On Saturday, June 26, 2021, after struggling to breathe for nearly 30 hours, my Mom “took her big trip” at 11:45 am. That’s what she’d say when someone died or when she contemplated her own death. As fate would have it, my brother and I were the only family members in the room. Corey was on her right side, holding her hand. I was on her left side, holding her hand. As we sensed the final breath coming, we reached across her body. Still holding her, we embraced each other and sobbed. We stayed like that for several minutes.
Her face became lifeless. Then, almost effortlessly, the tears slowing, the silence turned to laughter and gratitude as we talked about good memories, not-so-good memories, her child-like spirit, and what a fighter she was.
Then… more silence.
More presence. Being. Feeling. Being.
Then… more stories. It was beautiful, hard to witness and experience, wonderful, terrible, liberating, sad, and perfect. Many of you may not know that my Mom suffered from a rare chronic slow-moving, neurodegenerative condition called Superficial Siderosis (SS). There are less than 300 cases worldwide. The condition is caused by iron toxicity in the body created from persistent intermittent internal bleeding that is hard to pinpoint and, at this point, impossible to stop.
From what I understand, the overwhelming amounts of iron in her body would form layers around the brain, brain stem, spinal cord, and optic nerves. The Long-term exposure to this “layering” causes hearing loss, imbalance, dizziness, weakness, numbness, and bowel/bladder dysfunction. Unfortunately, there is no cure for SS. At this point, SS cannot be reversed.
For the last 30 years, my Mom has had to live with the fact that the quality of life would never improve; it would only get worse. Slowly but surely. It would get worse. My Mom lost her hearing pretty quickly. She suffered severe falls from the imbalances, which forced her to retire early (hello, financial stress, and social isolation). She endured terrible head injuries (goodbye emotional intelligence and self-control) and several broken bones and lots of pins put in her body. She was eventually confined to a wheelchair with complete loss of her bowel and bladder control (anger seems appropriate here!).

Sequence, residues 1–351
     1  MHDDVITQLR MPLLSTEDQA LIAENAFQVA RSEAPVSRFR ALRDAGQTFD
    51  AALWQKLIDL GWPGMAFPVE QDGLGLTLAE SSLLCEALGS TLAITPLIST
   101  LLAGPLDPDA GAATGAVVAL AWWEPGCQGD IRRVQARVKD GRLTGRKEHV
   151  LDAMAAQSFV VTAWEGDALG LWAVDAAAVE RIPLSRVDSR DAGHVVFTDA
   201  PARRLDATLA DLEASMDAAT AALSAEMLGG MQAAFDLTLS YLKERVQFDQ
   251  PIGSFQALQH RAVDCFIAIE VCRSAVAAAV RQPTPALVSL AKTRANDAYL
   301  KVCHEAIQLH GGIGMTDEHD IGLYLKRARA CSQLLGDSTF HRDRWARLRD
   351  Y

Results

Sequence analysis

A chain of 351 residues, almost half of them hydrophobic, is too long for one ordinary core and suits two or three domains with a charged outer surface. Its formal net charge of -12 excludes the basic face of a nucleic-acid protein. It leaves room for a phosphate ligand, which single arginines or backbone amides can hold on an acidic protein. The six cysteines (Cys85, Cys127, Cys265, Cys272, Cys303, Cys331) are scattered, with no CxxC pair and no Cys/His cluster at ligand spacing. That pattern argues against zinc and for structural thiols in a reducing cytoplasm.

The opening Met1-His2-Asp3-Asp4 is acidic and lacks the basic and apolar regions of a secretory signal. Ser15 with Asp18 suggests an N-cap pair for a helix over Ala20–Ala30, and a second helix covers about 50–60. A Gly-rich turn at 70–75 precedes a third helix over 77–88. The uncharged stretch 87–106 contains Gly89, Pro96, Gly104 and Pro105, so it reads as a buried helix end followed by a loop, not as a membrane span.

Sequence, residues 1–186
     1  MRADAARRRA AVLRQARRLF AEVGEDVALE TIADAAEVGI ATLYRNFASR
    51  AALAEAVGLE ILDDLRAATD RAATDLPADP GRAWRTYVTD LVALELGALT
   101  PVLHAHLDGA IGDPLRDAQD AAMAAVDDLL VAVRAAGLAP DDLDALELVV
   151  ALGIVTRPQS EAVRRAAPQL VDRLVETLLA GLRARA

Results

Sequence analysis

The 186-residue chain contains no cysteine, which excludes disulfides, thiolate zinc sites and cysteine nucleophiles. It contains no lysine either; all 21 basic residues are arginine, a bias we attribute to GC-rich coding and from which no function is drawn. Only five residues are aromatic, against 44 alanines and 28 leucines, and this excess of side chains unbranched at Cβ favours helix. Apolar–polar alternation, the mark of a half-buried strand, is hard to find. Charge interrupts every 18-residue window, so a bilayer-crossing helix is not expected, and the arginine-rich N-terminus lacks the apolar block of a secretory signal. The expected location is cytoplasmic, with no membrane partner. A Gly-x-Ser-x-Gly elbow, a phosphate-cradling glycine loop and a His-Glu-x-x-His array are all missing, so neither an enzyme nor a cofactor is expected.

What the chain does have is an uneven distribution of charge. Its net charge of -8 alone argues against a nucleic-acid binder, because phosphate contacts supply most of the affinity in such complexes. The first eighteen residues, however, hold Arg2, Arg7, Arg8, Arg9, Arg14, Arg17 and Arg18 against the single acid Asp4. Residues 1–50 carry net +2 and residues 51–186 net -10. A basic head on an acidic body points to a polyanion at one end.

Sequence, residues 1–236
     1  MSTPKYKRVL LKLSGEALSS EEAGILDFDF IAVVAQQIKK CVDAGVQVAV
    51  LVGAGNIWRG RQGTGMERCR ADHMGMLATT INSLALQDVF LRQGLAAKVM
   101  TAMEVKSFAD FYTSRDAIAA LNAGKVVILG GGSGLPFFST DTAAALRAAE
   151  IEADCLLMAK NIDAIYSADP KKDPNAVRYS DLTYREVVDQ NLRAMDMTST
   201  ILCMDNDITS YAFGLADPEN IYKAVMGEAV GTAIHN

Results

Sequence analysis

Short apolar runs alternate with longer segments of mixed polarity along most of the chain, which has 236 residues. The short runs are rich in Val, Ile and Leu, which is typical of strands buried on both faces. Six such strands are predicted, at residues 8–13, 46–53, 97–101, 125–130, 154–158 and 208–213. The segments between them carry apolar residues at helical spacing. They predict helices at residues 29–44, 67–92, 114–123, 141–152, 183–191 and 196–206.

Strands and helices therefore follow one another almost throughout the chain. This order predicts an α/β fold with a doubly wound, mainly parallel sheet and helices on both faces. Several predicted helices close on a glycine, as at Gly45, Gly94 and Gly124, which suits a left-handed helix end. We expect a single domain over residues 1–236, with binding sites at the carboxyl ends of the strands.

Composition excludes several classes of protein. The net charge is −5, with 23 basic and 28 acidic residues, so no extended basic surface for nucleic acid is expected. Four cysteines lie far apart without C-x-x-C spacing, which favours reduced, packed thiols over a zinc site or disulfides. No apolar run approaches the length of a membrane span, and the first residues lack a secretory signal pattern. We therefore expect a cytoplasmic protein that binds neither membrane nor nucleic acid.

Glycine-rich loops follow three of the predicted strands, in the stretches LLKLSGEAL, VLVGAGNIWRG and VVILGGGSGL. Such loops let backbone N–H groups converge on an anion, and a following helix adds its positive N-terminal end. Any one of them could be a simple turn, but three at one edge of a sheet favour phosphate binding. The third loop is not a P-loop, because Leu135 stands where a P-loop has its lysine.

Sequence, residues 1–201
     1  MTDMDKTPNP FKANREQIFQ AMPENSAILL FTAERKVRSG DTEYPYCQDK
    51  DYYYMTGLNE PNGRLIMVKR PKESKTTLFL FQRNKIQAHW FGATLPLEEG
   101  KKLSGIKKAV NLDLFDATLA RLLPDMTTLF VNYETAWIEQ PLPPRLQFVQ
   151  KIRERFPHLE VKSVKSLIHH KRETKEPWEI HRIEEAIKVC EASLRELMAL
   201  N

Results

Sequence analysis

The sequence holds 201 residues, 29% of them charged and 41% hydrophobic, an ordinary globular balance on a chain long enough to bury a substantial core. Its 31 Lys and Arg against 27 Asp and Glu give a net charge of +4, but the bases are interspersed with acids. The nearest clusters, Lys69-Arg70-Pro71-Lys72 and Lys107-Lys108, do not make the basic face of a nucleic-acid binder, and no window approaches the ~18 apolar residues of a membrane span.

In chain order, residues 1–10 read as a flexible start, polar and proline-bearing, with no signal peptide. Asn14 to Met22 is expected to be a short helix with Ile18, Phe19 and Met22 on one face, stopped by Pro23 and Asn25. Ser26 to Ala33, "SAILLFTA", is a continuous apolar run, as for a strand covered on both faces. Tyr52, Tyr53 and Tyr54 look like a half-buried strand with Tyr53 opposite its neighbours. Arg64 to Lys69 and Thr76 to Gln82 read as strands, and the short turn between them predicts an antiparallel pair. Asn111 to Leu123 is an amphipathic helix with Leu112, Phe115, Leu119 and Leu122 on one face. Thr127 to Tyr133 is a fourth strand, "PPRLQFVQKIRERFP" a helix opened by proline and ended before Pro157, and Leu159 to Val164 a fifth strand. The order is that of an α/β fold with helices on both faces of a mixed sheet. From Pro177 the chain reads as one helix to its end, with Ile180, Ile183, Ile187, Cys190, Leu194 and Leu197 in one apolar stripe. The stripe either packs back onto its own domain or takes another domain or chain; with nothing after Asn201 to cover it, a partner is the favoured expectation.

For the last 20 years, her feet and legs were constantly flexed (spasticity) – imagine a 24/7 charlie horse in both legs on all sides. This relentless spasticity caused her legs and feet to become deformed, crippled progressively, and curl inward, the same way your hands would look if you curled them in towards your inner wrists.
And, miraculously, up until the last few years, my Mom still found a way to get to Walgreens each month to get me (and Jen) a Happy New Years Card, then Valentine’s Card, next to a St. Paddy’s Day card, followed by an Easter Card, then a Birthday card, and within each card that came I would find a single dollar bill or 4 quarters glued to the inside. It was like that all year, every year, for almost my entire life.
My Mom was the toughest of the bunch. It wasn’t always pretty, but she never stopped trying, she never stopped loving, and she never lost her playful, child-like heart. She will be missed and forever loved. If you’d like to support me and/or honor my Mom and her life, I would sincerely appreciate it if you would share your favorite Mary memories and pictures on her FB page or send them to me privately. Also, please consider donating to the Superficial Siderosis Research Alliance (SSRA) in her Memory. I will provide a direct link in the comments below. SSRA is a registered 503(c)(3), and the money raised in my Mom’s memory will go directly to supporting their first clinical trial – a treatment designed to help slow brain cell degeneration.
With love and appreciation, Lori
We want to express our heartfelt gratitude to Lori for sharing her mother’s story from her Facebook posting with us.
Rest well Mary